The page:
At opposite ends of the globe, Meryl and Michael find unexpected opportunities to examine what is important to them and ultimately test the strength of their relationship. Each has to make a decision which will determine the direction this crossroads will take them- will it be together or alone? 


Meryl taps into what seems on the surface to be a well of carefree creativity in Florence while back home Michael discovers how an indomitable spirit can triumph over adversity. Add in a mysterious Russian, a captivating and beautiful client, an isolated country villa and loss of phone contact and the pace picks up to breakneck speed.


Mala Naidoo has spun a web of intrigue where the past entangles the present and her characters face a dangerous and uncertain future. It's easy to be swept away by this tale of romance, adventure and mystery and a sequel is eagerly awaited! 


Reviewed by Chris McGuigan, January 2017

Kensington Review





Leaf by Leaf by James Martin

Leaf by Leaf
by James Martin

Leaf by Leaf introduces an impressive cast of intriguing characters through skilful wordplay and masterful use of the sonnet.  As in Martin’s earlier work, Short Eternities, the reader is once more treated to a ballet of syllables and rhymes which dance and delight across sixteen lines to choreograph a portrait-poem per page.

Turning the pages of Leaf by Leaf is akin to metaphorically turning the leaves of a photograph album, with each page bringing forth a new portrait to examine, sketched vividly and effortlessly in blank (but never boring) verse.

Martin provides a clue to the leaf motif in the very first poem, Claudia:

 “I shall be your verdant leaf
  Untroubled by the breeze”

In the final poem, Father, he wistfully observes that:

“The leaf which once was green and fresh
  Is fallen, on its way
  To union with the cosmic mesh-
  Empathic, sentient, gay.”

In between these bookends each character struts their time upon the sixteen-line stage of their eponymous sonnet, capturing a brief moment in time or perhaps encountering eternity in an hour. They audition for the reader’s attention, employing classical and medieval allusions, biblical references and a range of poetic devices which engage the reader’s imagination and often their sympathy or sense of humour.

Martin pays homage to poetry of the past, including Walt Whitman’s own Leaves of Grass, and sprinkles syllables redolent of music, art and spirituality amongst the vernacular of popular culture. Pathos and humour are created in vignettes of characters perhaps known to the poet in the past, the present or the imagination. While some of these characters entice the reader to explore the dark night of the soul, it is the irrepressible sense of fun which Martin’s poems exude which creates the lasting impressions of these leaves.

Deadly sins colour the palette used to render Barry:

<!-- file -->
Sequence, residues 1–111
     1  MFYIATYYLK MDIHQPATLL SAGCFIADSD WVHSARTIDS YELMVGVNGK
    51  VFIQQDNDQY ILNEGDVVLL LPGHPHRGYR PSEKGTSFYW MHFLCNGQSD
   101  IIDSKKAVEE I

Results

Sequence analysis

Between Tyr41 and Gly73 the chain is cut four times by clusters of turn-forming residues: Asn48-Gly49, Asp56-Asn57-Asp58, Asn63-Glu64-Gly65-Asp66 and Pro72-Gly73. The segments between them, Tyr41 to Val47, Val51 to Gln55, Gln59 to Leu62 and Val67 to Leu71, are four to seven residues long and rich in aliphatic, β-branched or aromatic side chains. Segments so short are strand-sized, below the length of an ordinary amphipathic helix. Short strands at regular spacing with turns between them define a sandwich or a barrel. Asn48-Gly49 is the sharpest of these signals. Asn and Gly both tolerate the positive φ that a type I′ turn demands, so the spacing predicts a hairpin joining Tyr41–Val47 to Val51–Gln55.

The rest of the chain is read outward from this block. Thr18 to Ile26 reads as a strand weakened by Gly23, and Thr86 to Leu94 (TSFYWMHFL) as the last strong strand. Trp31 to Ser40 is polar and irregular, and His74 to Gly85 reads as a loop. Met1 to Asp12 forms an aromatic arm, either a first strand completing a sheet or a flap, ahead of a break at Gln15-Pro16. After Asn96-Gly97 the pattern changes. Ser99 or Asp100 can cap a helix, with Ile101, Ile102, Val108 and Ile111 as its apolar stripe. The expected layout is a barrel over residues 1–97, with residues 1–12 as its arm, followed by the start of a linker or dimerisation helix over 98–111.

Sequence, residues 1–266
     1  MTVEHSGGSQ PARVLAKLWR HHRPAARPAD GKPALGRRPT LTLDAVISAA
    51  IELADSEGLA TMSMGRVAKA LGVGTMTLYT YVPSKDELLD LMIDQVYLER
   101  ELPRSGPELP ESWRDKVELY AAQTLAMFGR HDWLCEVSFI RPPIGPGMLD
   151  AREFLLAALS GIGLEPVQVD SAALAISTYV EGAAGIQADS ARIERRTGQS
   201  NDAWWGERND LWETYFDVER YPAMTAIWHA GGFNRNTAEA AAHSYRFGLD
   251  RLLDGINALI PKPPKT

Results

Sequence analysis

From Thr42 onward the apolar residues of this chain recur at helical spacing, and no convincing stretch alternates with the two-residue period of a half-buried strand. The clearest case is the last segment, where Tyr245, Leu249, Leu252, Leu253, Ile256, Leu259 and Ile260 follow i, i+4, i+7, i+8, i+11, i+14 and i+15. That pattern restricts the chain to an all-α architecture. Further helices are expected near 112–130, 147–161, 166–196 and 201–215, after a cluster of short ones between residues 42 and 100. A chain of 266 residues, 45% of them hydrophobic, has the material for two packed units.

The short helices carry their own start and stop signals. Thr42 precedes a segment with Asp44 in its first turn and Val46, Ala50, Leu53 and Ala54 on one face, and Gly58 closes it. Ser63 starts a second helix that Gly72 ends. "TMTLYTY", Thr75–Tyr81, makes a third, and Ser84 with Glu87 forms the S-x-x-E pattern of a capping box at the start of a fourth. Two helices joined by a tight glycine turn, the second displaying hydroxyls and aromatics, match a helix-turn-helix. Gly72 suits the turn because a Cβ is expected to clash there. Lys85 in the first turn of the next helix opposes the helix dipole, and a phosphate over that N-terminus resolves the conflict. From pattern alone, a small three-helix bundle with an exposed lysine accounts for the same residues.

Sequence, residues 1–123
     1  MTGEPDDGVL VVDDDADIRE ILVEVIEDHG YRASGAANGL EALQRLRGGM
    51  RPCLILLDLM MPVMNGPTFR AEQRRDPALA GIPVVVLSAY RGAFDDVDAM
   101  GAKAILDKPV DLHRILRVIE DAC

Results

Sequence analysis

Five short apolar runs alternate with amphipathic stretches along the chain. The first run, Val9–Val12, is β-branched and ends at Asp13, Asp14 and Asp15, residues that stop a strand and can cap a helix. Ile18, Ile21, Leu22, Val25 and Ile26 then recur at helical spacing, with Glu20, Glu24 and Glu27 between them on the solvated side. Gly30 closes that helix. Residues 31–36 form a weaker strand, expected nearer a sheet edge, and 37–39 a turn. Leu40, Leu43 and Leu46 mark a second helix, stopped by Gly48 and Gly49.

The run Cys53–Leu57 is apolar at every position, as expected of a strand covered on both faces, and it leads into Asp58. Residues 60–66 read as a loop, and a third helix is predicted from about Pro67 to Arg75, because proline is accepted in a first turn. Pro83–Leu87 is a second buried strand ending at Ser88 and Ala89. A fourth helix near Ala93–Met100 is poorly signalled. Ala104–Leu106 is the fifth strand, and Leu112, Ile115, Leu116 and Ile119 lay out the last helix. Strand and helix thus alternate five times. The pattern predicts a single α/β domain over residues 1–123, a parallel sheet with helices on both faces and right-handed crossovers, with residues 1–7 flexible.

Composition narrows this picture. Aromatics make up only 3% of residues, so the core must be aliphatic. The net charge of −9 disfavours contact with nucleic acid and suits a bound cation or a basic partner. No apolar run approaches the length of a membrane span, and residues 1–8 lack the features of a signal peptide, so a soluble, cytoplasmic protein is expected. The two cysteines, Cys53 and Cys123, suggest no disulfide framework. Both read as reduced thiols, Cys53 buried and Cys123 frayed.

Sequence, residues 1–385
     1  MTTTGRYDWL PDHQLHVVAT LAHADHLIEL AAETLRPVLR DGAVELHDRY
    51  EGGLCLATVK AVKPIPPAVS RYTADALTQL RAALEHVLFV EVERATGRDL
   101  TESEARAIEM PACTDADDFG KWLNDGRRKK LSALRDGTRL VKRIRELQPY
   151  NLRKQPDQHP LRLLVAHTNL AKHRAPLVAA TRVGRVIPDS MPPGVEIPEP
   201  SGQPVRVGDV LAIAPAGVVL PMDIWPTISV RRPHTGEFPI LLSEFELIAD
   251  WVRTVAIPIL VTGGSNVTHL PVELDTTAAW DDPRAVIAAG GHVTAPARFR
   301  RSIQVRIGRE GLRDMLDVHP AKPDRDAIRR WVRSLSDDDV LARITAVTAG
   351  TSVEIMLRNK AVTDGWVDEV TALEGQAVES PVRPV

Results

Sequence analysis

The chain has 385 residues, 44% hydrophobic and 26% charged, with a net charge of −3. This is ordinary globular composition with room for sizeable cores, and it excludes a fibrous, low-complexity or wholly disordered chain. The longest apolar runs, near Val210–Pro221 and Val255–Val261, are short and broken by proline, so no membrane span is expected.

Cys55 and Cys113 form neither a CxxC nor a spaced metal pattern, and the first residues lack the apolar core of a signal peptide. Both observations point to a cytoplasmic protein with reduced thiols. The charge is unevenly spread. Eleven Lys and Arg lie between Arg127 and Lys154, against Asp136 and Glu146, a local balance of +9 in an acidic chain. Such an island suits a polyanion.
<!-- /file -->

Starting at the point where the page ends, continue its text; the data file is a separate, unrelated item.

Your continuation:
“Such pride I envy, sloth alive
In gluttony of love-
When avarice for truth makes five,
If push must come to shove.”

Shakespearean sparkle springs from Ado:

’Much Ado about nothing!’ you
So brilliantly exclaim;
And yet I reckon bards could do
Far worse than quote your name.”

Martin is a master wordsmith, able to condense eternity into a couplet or expand a fleeting moment into an aeon. Leaf by Leaf is a book to dip into and emerge enlivened, intrigued, amused, bemused or perhaps enjoy the resultant simultaneous synergy!

Reviewed by Chris McGuigan
Kensington Review www.kensingtonreview.net

Available from Sid Harta Publishers www.sidharta.com.au

Short Eternities by James Martin

Short Eternities
By James Martin

Short Eternities captures both the playful spirit of James Martin's skilful wordplay as well as the deeper levels of soulful self-examination. His mastery of the sonnet is expressed through the ballet of syllables and rhymes which dance and delight across the lines of each page. Martin finds inspiration for poetry in life and love, in friendship and in felines, in humour and in humanity, moving with ease from the realms of the divine to those of the everyday.

Echoes of Keats, Pope, Byron, Eliot and Hopkins ring through Martin's poems which also resonate with Shakespearean style and Spenserian sparkle. Classical allusions, biblical references and an occasional medieval troubadour nestle cosily alongside icons of popular culture and style. Rhythm and rhyme are well-employed to effortlessly weave word-pictures of perhaps a moment captured in time, a paean to a loved one, an expression of deep spiritual yearning or reflections of the responsibilities of being a cat lover:

'And though I walk through death's dark vale, I shall
Continue feeding Lucy … chum and pal!'

Martin possesses a rare skill in being able to use sophisticated and superb poetic forms to examine topics as diverse as a game of chess, sunbathing, the dark night of the soul, love eternal, and the majesty and mayhem of his cats. He approaches his poetry with technical discipline, a vast store of literary knowledge and skill, a deep yearning to understand the human condition, and an irrepressible sense of fun as shown in using an oxymoron as the title.

Martin hints that his poetry has an incipient life of its own, ready to leap onto the page and await the reader: